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Off topic? Anyway CDI article.

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ozieagle Avatar
ozieagle Gold Member Herb Adler
Geelong Victoria, Australia   AUS
1958 Wolseley 1500 "Wooly"
1966 MG MGB "Bl**dy B"
Maybe this should go into the Off Topic forum, but since there has been a lot of discussion about points and Pertronix and electronic ign, I thought I'd post it here. It is quite pertinent to MGs as well as other cars.

Back in the 70s, I and my colleagues, were into CDI systems and built units according to the article attached. My unit worked for about 20 years, till I bought a new car with computer control. The CDI unit really made a difference to cold starting and running, being able to push the choke in at the end of the street, rather than miles down the road. Plugs started at 40 thou, and after a considerable time were checked and found to be at 80 thou. No performance degradation. Reset them and replaced for another extended time.

Current sensing tachs will not work, since the switched current is far too low. They can be modified, by winding 16 turns of finer wire around the current sensing transformer. either the external one or the internal one and connecting this wire in series with the points circuit. The power to the CDI must then be taken from a separate switched circuit. Ballasted systems should have the ballast resistor shorted out. Note that in this case it will not be viable to revert to standard ign, because the coil / points will be over loaded.

Herb



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Attachments:
Cdi complete.PDF    2.34 MB

Fred Winterburn Avatar
Ripley, Ontario, Canada   CAN
Interesting article. The circuit is similar to my father's, Lloyd Winterburn and my version, with some exceptions:
- The trigger circuit is the same for both positive and negative ground from my father's patent except for the complication of the extra transistor, which arguably is not necessary if the other component values are selected properly. The inverter runs at a very low frequency on this one so the transistors will be working harder and the zener diodes absolutely necessary to quell voltage spikes that could damage the transistors. The text says 50Hz, but I can't see it being that low, maybe add a zero and call it 500Hz. The old Hyland used a ferrite core and operated at 8kHz. The one I build will oscillate at no-load at 14 kHz (just outside my hearing range now), but easily heard by a teenager if they are close to the unit. I also use a small ferrite core.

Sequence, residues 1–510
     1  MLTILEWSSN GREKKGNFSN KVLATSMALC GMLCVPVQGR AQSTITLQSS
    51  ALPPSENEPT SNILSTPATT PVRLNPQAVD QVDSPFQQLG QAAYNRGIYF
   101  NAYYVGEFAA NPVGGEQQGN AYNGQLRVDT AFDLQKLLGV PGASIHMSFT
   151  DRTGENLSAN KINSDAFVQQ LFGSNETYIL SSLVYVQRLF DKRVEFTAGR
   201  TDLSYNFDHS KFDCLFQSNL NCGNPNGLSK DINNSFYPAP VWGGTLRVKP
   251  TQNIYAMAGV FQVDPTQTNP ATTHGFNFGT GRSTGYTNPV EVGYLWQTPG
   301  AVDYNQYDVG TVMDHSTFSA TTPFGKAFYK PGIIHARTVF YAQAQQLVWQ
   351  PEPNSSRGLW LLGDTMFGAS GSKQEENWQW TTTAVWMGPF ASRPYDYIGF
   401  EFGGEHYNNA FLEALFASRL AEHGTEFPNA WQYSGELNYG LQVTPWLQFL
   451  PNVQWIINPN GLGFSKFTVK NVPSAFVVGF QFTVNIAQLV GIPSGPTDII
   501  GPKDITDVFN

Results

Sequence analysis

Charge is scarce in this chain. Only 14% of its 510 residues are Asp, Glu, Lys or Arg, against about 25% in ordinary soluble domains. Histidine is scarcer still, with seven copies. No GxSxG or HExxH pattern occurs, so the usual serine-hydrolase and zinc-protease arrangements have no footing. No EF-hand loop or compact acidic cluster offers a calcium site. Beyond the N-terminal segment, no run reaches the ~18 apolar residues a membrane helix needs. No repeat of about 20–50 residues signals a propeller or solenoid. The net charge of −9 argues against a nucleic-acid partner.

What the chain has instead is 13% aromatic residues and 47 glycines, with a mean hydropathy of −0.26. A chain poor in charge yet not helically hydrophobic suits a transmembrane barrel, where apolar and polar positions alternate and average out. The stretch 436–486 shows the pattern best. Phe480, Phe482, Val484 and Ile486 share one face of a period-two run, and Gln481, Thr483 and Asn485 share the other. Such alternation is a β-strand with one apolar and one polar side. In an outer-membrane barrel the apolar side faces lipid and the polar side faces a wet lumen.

- The voltage output at 400V is 100V higher than it should be for reliability.
- The current through the points with 50 ohms is marginal on a Lucas distributor. Should have a little more current to keep the points clean. I use a 39 ohm resistor for this.
- The graph showing relative spark energies is wrong. One can't equate the energy stored in the capacitor to spark energy. The total energy output for CDI is generally lower than Kettering, and this one will most definitely be lower. The spark will have a much higher power than Kettering, delivered in two or three current peaks with that design (alternating polarity like mine but fewer peaks).
- The unit I build would only need the ballast resistor bypassed if the spark rate of 533 sparks/second was needed. If the ballast resistor is bypassed, one should go to a 3 ohm coil so the points don't burn when the switch is selected to 'STD'. Keeping the ballast resistor in the circuit will not affect the ability of the unit to produce a spark at very low battery voltage. The unit amp draw is so low at cranking speed, that having the ballast in the circuit makes no difference. It will only make a difference at a very high demanded spark rate as the current draw increases with rising rpm (the opposite of Kettering). Fred

In reply to # 3571995 by ozieagle Maybe this should go into the Off Topic forum, but since there has been a lot of discussion about points and Pertronix and electronic ign, I thought I'd post it here. It is quite pertinent to MGs as well as other cars.

Back in the 70s, I and my colleagues, were into CDI systems and built units according to the article attached. My unit worked for about 20 years, till I bought a new car with computer control. The CDI unit really made a difference to cold starting and running, being able to push the choke in at the end of the street, rather than miles down the road. Plugs started at 40 thou, and after a considerable time were checked and found to be at 80 thou. No performance degradation. Reset them and replaced for another extended time.

Current sensing tachs will not work, since the switched current is far too low. They can be modified, by winding 16 turns of finer wire around the current sensing transformer. either the external one or the internal one and connecting this wire in series with the points circuit. The power to the CDI must then be taken from a separate switched circuit. Ballasted systems should have the ballast resistor shorted out. Note that in this case it will not be viable to revert to standard ign, because the coil / points will be over loaded.

Herb



'Anyone who likes liver, can't taste it'
'If you want to repair car electrical systems successfully, learn Ohm's Law'.

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